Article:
Star Valley Votes 3 Percent Pay Raise For Its Employees

Town manager gets 16 percent bump for handling tickets, employees get cost of living


The Star Valley council Tuesday approved a 3 percent employee cost of living raise and a 16 percent boost for the town manager.

Mayor Chuck Heron said with satisfaction the town's strong financial position, despite the economic downturn that has mangled neighboring Payson's budget, is the reason for the pay raises.

Star Valley recently adopted a $4.3 million 2008-09 budget, which more than doubled from the current year, buoyed in part by a flood of revenue from the photo ticketing stations on the highway on each end of town.

By contrast, Payson is struggling to deal with a $3 million cut in the coming year's $36-million budget, including a pay freeze.

Heron said the town's employees need the 3 percent raise to keep up with inflation. "In Payson, the first thing they removed was the COLA (cost of living adjustment)," he said.

Town Manager Vito Tedeschi presented statistics on the consumer price index showing that overall prices have risen 4 percent nationally since April 2007.

Tedeschi noted that the 3 percent employee raise will cost the town a total of $8,875, including benefits.

Tedeschi fared better than the average employee, with a roughly $11,000 raise to about $81,000 annually.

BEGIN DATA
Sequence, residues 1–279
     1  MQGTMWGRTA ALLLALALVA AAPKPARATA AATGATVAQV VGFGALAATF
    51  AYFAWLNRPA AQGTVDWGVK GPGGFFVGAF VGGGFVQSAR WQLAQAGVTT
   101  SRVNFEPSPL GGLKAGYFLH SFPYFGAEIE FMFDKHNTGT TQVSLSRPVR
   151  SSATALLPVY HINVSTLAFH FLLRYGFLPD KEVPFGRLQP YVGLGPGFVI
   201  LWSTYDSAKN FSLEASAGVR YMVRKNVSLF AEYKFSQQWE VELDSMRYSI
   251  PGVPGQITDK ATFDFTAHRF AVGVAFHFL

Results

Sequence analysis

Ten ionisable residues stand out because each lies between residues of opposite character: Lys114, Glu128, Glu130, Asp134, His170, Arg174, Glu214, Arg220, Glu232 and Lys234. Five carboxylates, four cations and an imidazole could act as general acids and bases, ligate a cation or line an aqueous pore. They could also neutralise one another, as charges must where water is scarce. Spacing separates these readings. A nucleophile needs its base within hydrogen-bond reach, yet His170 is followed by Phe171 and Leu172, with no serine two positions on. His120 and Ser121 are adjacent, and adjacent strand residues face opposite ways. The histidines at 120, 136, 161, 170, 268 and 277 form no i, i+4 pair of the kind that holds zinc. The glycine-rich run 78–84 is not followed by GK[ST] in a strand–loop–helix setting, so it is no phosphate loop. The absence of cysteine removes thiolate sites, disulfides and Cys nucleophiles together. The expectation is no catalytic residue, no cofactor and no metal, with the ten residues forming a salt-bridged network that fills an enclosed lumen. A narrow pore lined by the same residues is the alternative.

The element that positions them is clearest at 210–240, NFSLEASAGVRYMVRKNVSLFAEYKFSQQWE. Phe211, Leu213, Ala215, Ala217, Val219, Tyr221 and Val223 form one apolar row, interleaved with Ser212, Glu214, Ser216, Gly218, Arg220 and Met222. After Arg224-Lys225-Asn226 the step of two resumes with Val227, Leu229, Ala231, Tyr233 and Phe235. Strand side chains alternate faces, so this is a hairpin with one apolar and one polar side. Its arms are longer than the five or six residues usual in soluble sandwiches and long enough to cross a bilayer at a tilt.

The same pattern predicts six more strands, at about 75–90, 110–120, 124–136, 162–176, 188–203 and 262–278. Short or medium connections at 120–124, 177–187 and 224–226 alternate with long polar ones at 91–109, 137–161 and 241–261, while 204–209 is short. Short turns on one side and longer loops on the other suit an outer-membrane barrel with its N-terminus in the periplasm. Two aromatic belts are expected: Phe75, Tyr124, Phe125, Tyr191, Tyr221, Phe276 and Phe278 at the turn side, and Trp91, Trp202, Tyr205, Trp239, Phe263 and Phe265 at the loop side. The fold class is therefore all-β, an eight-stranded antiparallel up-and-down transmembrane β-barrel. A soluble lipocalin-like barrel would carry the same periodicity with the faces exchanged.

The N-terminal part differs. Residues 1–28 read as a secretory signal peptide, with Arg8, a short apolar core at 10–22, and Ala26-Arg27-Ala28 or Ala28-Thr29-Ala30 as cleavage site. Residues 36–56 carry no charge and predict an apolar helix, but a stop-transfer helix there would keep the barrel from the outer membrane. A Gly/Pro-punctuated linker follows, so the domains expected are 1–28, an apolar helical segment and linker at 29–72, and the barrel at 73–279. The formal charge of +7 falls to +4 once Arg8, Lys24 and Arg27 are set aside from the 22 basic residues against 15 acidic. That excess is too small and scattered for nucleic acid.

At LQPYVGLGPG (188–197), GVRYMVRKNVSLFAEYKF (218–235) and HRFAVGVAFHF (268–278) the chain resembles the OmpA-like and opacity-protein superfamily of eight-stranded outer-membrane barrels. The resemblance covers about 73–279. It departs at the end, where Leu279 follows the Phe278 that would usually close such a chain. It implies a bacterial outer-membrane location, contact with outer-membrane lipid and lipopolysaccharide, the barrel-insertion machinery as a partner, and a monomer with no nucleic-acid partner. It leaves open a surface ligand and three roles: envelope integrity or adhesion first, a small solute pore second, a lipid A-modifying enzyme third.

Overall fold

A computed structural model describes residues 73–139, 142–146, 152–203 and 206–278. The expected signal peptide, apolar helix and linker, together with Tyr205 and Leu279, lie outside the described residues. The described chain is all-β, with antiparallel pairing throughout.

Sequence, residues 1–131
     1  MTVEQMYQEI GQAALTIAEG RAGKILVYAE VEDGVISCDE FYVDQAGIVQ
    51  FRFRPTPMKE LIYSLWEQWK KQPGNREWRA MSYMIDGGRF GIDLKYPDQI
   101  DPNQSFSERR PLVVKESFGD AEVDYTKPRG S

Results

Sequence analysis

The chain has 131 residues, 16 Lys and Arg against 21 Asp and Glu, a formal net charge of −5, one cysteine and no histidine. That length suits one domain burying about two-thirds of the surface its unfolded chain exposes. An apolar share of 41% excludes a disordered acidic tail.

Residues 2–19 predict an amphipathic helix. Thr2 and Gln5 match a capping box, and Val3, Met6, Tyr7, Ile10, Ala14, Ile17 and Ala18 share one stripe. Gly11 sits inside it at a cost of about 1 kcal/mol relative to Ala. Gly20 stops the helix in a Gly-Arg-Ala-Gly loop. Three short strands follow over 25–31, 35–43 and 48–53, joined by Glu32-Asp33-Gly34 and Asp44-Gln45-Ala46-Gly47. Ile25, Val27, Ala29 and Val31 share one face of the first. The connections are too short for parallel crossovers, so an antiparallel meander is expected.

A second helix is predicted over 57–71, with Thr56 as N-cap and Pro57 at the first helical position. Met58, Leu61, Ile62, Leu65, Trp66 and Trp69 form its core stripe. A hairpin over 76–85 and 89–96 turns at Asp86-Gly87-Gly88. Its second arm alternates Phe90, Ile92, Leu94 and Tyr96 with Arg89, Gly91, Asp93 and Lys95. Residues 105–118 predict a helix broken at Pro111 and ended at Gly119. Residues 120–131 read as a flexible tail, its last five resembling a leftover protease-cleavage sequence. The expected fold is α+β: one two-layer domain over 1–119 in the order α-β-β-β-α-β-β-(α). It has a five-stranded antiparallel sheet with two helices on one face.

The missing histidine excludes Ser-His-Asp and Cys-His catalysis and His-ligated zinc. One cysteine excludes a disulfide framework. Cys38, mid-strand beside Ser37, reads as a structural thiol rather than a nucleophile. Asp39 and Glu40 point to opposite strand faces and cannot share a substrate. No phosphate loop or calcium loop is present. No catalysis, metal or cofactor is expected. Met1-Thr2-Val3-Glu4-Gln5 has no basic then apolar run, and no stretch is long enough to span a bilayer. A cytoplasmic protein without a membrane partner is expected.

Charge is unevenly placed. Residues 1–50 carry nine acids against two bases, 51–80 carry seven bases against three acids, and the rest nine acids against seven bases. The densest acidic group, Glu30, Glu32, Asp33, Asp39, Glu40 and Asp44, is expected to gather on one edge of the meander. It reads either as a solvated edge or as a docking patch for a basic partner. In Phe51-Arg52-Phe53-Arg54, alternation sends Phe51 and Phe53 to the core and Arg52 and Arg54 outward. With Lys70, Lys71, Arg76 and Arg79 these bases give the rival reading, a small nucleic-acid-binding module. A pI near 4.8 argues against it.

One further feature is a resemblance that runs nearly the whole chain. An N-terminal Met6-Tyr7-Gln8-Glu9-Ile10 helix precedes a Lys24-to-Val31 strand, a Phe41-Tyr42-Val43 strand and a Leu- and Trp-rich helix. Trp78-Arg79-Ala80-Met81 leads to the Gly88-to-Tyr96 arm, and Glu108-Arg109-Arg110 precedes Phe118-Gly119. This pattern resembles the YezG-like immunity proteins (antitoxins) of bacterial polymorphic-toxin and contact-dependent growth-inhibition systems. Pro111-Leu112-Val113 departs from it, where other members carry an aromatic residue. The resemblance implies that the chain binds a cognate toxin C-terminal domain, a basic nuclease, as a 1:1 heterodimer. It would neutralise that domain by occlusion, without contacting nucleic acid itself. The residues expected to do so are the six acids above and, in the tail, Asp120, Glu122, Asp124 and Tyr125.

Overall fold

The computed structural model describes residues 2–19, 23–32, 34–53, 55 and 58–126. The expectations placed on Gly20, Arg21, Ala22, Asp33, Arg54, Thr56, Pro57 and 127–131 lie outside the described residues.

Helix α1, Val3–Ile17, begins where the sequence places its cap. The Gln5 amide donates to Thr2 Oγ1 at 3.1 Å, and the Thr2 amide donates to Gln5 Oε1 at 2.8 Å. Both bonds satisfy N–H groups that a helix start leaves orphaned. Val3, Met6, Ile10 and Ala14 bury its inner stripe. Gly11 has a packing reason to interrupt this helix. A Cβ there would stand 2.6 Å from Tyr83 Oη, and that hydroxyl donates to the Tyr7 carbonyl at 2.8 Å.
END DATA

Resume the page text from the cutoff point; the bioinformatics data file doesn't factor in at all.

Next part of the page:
The $900 per month increase is intended to cover the cost of administering the town's new photo enforcement system, which Tedeschi estimates will bring in revenues of about $1 million per year -- the bulk of which will go to pay the state, court costs, staffing costs and the bill for process servers to deliver the court summons for people who don't pay.

Tedeschi's contract also provides for a $100,000 life insurance policy, 18 paid sick days and three weeks of paid vacation annually. In neighboring Payson, Town Manager Debra Galbraith makes about $125,000 to administer a town of 16,000 -- about eight times the size of Star Valley.

In other action during the Tuesday meeting the town council:

  • Agreed to accept responsibility for the privately owned Hillside Drive, a dirt road in a 54-foot-wide easement that homeowners hope the town will maintain and eventually pave.
  • Agreed to participate in a Gila County program that puts prisoners to work doing community service projects. Probation administer Linda Isban appealed to the council to participate in the program, which would give the town the right to "pick and choose" among people convicted of various offenses ordered by the court to perform some kind of community service -- either for a public agency or for low-income homeowners.

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